d.   CCS supports a direct software integration at this stage with certain standard call center platforms. For example, there is currently an integration with Nortel Symposium whereby the Nortel SoftPhone sends the caller’s phone number to the CCS client software. This technique means the TTY call is set up automatically without agent intervention. Contact NXi for a list of the current call center platforms supported.

9.   The call agent and the deaf person may now type back and forth in a “live” text chat session.

10.  Once the text call ends, the Placeholder Call is ended, and the call agent is ready for a new voice or text call.


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Using the same basic techniques developed for TTY calls, CCS can also add support for other types of non-voice calls to any call center. Only steps 1 and 2 above will differ.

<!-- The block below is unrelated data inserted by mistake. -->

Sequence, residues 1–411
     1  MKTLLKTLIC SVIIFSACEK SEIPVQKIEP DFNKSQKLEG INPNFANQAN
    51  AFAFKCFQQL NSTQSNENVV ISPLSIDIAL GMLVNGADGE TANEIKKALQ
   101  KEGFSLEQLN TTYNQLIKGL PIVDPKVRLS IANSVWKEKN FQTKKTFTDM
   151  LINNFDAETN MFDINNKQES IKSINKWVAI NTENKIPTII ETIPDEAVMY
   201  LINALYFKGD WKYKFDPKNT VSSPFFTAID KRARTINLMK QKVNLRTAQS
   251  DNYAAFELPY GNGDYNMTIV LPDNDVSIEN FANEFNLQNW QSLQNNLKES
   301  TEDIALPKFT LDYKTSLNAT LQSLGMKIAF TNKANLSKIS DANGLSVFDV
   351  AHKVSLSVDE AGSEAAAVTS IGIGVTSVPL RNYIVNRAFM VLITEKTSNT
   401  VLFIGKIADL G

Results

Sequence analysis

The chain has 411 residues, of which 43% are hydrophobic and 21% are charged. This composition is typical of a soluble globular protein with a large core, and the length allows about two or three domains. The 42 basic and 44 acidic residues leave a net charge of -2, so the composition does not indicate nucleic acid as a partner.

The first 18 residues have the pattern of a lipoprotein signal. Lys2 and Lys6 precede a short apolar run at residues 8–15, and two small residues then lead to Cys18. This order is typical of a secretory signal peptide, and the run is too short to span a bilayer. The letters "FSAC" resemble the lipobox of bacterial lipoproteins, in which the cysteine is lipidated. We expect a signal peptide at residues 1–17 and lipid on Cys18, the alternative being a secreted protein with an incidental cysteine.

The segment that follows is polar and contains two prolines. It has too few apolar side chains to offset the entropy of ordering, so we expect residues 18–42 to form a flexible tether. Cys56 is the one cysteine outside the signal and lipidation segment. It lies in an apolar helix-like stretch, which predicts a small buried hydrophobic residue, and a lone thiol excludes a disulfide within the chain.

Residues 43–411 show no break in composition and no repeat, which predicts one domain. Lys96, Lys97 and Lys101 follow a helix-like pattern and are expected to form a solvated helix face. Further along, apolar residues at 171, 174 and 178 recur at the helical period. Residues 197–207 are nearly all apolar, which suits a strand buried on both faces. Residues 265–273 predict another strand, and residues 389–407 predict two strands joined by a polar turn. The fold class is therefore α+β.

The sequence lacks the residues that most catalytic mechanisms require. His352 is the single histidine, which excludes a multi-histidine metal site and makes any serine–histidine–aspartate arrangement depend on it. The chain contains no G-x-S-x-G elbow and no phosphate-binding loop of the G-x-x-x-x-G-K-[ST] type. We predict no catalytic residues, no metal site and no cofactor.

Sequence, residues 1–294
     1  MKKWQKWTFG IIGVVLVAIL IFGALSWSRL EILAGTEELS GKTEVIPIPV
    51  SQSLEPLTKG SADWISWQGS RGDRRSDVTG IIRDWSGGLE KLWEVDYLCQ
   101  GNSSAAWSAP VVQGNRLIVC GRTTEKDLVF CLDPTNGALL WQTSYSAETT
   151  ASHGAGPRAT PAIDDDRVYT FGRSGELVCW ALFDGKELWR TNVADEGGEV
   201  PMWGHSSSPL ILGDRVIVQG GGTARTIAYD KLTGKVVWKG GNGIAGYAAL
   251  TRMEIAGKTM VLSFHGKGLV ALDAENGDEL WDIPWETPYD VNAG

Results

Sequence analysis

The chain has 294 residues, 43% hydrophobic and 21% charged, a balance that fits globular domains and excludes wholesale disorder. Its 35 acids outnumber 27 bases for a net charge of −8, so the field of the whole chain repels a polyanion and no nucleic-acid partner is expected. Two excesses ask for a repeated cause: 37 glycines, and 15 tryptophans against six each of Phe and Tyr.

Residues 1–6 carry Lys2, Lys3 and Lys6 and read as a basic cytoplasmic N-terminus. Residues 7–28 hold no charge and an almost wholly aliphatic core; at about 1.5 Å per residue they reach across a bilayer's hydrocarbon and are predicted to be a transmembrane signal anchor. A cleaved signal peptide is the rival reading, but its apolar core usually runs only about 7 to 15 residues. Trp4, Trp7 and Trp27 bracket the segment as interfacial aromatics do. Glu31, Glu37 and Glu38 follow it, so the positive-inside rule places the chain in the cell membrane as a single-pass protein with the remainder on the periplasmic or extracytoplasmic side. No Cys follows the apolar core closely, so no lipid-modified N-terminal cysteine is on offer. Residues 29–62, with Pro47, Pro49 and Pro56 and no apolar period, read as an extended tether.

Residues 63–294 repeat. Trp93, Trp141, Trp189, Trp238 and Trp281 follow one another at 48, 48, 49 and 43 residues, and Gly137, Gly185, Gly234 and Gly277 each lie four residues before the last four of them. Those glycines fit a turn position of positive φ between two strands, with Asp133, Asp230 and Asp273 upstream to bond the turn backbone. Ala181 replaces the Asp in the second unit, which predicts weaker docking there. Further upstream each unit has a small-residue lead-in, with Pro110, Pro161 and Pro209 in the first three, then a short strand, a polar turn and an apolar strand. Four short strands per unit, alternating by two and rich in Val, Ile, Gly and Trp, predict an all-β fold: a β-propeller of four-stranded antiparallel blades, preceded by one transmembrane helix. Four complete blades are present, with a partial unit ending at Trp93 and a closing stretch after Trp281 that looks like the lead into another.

Placeholder Call Approach for web calls :

1.   A web site visitor needs assistance, and clicks a link on the supported web site.

2.   The web site directs the web visitor’s browser to the CCS server. CCS sends a Java applet to the browser, and the applet creates a standard https encrypted link back to the CCS server.  Steps 3 to 10 are the same as above, but once the text call is established between the agent’s desk top and the Java applet on the browser, then the call agent’s screen will show two browser instances. One will show the browser view currently seen by the web visitor, and the other will show a locally controlled browser view for the agent. As the web visitor moves around the web site, the Java applet delivered by CCS will automatically send the current visitor’s URL page address, and the agent’s “web visitor view” will always show what the visitor is looking at on the web site. The call agent can move around his or her own browser view, and can click a “Send” button at any time to force the web visitor’s browse to display the desired web page. In this way the call agent can assist the web visitor in finding the correct information from the supported web site.  The CCS supplied Java applet provides a text chat session for the call between the call agent and the web visitor. A voice link may also be created if desired.